Posted in Uncategorized, tagged politics, religion, spirituality on August 20, 2012|
One hears occasionally, especially in the left-hand part of the country, a comment on the order of “I am spiritual, but not religious.” This is a relatively new formulation. What does it mean? And why is it increasingly popular?
Religion and spirituality usually imply one another. Most Americans by far describe themselves as both spiritual and religious. The small yet growing number of spiritual-but-not-religious people seem to mean a variety of things by this declaration. But it is not so much a rejection of faith as a rejection of organized religion. Most spiritual-but-not-religious Americans say they believe in God and 40 percent of them believe without any doubt.* In the last generation, many Americans have lost confidence in churches, denominations, and clergy. For some, saying they are “spiritual but not religious” expresses this alienation.
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Posted in Uncategorized, tagged faith, religion, spirituality on December 20, 2011|
In their best-selling 1980s book on the tensions between community and individualism in America, Habits of the Heart, my Berkeley colleagues Robert Bellah and Ann Swidler, along with three other coauthors, described the version of religion that a woman whom they called Sheila had described to them. She believed in a faith of loving and being gentle with oneself; she labeled this theology “Sheilism” – “just my own little voice.” The authors of Habits saw her declaration as an expression of a growing tendency in America toward isolation and self-absorption raised here to an ethical principle. (The term “Sheilaism” is now so well-known it has its own Wikipedia entry.)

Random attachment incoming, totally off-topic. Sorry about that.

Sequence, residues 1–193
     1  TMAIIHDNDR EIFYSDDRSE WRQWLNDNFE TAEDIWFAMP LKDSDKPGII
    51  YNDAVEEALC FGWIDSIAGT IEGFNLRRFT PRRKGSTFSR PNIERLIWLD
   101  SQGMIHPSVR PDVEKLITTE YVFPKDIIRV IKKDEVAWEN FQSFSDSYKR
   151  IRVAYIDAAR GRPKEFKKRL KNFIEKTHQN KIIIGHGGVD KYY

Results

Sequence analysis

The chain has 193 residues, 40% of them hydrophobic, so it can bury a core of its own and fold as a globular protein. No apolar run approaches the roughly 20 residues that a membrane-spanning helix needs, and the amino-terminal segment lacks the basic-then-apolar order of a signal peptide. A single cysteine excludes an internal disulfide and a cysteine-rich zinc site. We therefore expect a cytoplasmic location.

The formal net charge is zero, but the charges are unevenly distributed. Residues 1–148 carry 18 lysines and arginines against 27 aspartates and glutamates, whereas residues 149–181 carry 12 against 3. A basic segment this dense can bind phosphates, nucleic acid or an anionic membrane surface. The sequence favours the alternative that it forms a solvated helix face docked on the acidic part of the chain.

There were and are other signs of a make-your-own religious boom. Outside of the standard religious structures, we see the excavation of old, pagan traditions like Wicca and the construction of hybrid, New Age faiths and Eastern blends with practices such as yoga and Kabalistc mysticism. Inside standard religious structures, variants such as independent churches, new liturgies and rituals, and even re-defined theologies have emerged. Some religious leaders describe all this as “cafeteria-style” faith: take what you like and disregard the rest. (And there is a Wikipedia entry for “Cafeteria Christianity,” too.)
Such religious inventions may well have burgeoned in recent decades, especially since the 1960s. Getting good numbers to test that assumption would be difficult, especially when so many “new religious movements” are informal and some even hostile to becoming formal institutions. But one thing is clear: This is not new.
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